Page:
Assessing Medication Adherence with Electronic Systems: New Developments and Perspectives

Assessing Medication Adherence with Electronic Systems: New Developments and Perspectives

By Arsene Zongo

Medication adherence is defined as the extent to which patients follow their treatment as prescribed by their healthcare providers. Adherence to treatment is essential for the success of any treatment and poor adherence is associated with a number of adverse effects including disease complications, increased hospitalization, greater healthcare costs and important loss of productivity for patients in the workforce. Nevertheless, poor adherence to treatment remains a frequent issue in patients with chronic diseases, thus requiring the need to develop accurate and innovative methods to correctly identify patients facing difficulties in adhering to their treatment regimens.

Traditional adherence measurement methods include pill counts during a patient’s visit to the hospital or at a patient’s home, self-reports by the patient and adherence computed from the patient’s pharmacy data.

The advancement in technology has offered the opportunity to assess medication adherence with electronic systems. A couple of devices have been developed or are in development to track medication use by patients. They comprise electronic pill bottle systems (also available for inhaled drugs), electronic blisters, mobile phone-based systems and ingestible electronic sensor systems.

The electronic pill bottle system links the pill bottle to a computerized system that monitors the use of drugs by the patient. Typically, a computer chip is placed inside of the pill bottle that is linked to a computerized system. Upon the opening of the pill bottle by the patient to pick up the pill, the date and exact time of the bottle opening is recorded. Thus, this system provides continuous data on the use of drugs by the patient. Some electronic bottle systems are designated to monitor adherence for patients using one drug. One of the most popular of this kind of device is the Medication Events Monitoring System (MEMSTM). Other devices have been designed to monitor adherence for those patients using multiple drugs. Such devices are made of multiple compartments in which drugs from different types are stored. From the electronic pill bottle system, the GlowCapTM is a more sophisticated device that uses a wireless system to send alerts to patients’ caregivers when the bottle is opened. It also provides monthly adherence reports that are sent to the patients’ caregivers. Limitations of electronic pill bottle systems include the high cost, the inability to record the number of drugs picked from the bottle and the inability to monitor the effective ingestion of the pill by the patient.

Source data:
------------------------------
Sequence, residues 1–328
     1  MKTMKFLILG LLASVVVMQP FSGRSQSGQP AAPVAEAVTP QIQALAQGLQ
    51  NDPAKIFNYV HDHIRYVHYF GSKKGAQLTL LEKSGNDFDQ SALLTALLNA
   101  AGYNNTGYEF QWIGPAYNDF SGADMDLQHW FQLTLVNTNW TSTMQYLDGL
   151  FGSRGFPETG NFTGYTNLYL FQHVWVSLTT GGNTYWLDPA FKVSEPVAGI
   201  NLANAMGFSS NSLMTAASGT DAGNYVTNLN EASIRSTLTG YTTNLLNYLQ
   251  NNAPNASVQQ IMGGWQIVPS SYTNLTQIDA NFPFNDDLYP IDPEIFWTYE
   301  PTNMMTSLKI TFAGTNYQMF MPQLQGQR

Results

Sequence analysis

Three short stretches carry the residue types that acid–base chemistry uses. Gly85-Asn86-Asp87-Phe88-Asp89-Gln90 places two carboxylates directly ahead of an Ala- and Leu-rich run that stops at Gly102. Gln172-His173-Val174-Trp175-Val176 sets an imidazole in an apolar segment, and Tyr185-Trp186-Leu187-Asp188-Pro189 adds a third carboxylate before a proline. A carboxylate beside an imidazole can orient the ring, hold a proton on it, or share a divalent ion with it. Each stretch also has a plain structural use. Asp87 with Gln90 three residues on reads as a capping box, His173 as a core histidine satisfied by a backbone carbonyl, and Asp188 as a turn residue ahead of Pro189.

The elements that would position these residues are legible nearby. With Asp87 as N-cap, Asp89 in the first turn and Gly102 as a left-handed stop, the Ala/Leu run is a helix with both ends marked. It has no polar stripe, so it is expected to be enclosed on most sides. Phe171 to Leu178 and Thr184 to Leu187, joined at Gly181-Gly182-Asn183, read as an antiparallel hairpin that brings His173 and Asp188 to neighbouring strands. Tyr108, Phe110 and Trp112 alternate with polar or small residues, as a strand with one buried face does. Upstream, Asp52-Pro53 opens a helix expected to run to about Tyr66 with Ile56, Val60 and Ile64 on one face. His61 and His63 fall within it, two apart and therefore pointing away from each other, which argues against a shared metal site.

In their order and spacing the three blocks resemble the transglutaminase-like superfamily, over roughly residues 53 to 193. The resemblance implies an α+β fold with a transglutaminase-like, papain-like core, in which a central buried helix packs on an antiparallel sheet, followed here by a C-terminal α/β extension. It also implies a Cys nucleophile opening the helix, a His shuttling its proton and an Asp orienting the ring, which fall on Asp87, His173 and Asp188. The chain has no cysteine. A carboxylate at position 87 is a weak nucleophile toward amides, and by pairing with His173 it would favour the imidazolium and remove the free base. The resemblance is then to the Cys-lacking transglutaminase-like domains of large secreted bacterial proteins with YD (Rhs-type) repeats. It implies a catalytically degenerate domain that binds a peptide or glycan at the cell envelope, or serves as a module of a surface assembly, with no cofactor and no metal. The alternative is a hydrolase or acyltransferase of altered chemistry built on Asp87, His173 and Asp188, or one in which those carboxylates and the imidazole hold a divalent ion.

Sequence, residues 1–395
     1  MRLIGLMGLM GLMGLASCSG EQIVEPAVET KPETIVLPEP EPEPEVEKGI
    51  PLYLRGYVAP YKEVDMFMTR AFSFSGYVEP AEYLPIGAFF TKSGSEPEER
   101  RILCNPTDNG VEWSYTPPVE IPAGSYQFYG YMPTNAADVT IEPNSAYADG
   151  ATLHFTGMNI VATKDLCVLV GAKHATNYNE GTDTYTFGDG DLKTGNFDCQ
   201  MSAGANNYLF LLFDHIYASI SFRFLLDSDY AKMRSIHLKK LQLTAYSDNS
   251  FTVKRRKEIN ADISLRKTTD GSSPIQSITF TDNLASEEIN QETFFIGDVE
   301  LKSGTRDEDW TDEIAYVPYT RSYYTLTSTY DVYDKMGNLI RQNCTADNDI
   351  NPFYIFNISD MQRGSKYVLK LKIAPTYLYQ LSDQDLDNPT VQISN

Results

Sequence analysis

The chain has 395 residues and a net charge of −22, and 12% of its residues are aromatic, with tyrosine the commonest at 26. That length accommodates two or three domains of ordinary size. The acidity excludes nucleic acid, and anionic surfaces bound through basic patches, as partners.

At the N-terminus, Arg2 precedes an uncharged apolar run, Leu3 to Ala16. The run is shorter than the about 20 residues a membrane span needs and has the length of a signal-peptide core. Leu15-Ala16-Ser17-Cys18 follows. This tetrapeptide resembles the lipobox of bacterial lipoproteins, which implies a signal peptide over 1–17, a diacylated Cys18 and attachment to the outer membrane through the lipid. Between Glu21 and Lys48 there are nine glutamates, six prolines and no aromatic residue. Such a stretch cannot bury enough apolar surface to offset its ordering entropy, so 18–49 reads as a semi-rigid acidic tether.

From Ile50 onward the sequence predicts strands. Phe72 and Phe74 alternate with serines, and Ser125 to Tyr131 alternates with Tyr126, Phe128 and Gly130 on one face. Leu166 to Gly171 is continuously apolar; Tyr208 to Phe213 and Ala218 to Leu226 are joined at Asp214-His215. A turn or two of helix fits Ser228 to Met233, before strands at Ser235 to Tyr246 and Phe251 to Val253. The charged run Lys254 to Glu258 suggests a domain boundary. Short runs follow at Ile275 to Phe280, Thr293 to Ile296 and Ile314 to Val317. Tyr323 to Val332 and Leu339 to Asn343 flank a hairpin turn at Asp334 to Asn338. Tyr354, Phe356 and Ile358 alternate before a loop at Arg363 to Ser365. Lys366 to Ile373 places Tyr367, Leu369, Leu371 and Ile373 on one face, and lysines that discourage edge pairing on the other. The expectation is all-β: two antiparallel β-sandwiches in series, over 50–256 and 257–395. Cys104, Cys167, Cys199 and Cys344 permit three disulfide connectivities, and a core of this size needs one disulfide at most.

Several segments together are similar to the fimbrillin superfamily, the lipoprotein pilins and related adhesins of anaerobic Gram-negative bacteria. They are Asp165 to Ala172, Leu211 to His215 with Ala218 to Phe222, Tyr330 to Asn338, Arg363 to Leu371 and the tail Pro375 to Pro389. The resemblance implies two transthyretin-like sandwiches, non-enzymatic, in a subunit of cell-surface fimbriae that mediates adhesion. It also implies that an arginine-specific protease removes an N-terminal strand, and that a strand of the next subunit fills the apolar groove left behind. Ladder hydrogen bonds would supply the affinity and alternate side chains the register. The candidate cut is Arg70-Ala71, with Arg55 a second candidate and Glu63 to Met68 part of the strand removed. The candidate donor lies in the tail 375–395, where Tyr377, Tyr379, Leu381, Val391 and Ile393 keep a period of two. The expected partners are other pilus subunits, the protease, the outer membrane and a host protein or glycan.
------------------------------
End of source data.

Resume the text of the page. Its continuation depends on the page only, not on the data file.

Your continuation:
Electronic blisters are made with electronic sensors that allow recording the date and time of the drug removal from the blister. Electronic blisters have the advantage to deal with the inability of the electronic bottle system to monitor the number of pills removed from the bottle. An example is the Intelligent Drug Administration SystemTM. As with electronic bottle systems, the ingestion of drugs removed from the blister is impossible to monitor with electronic blister systems.

A newer electronic drug monitoring system is the ingestible electronic sensor, developed to deal with monitoring the ingestion of drugs removed from the electronic pill bottle. With this system, an ingestible micro-electronic sensor is incorporated in the pill. After ingestion, the sensor is separated from the pill in the stomach. Contact with the gastric fluid in the stomach activates the sensor that sends a signal to a skin patch monitor. The sensor is then eliminated with the stools. TheIngestion Event MarkerTM (IEM) is an example of such system. The cost of the system and the problem of acceptability may be important factors limiting its use by ambulatory patients. However, it presents real potential for use in clinical trials where there is a need to closely monitor treatment adherence to establish drug efficacy and safety. This system also presents a potential for use for diseases, like tuberculosis, that require a direct observation of the patient taking his medications.

Other developments of medication adherence assessment with electronic systems include video-based observations. With this system, patients have to make video when taking their drugs and then send the video to their caregivers via a mobile phone.

Future studies should target the development of devices to monitor adherence to injectable solutions, liquid medications and topical ointments since devices that monitor adherence to these categories of treatment are lacking. In order to get the full benefit of technology in assessing the degree of drug compliance by patients, strategies to improve acceptability of electronic systems in monitoring drug use and to promote wide use (by reduction of costs) are essential.

References:

Haynes, R., B.; Taylor, D., W.; Sackett, D., L.: Compliance in health care. Johns Hopkins University Press, 1979, 516

World Health Organization (WHO): Adherence to long-term therapies: Evidence for action. WHO Library Cataloguing-in-Publication Data, 2003, 209

Osterberg L. and Blaschke T.: Adherence to medication. The New England Journal of Medicine, 2005, Vol. 353 (5) 487-97.

Park L. G., Howie-Esquivel J., and Dracup K.: Electronic Measurement of Medication Adherence. Western Journal of Nursing Research, 2015, Vol. 37(1) 28–49

Vitality: GlowcapTM. Available through http://www.vitality.net/docs/pharma_presentation.pdf (accessed 27 June 2015)

DiCarlo, L. A.: Role for direct electronic verification of pharmaceutical ingestion in pharmaceutical development. Contemporary Clinical Trials, 2012; Vol. 33, 593-600.

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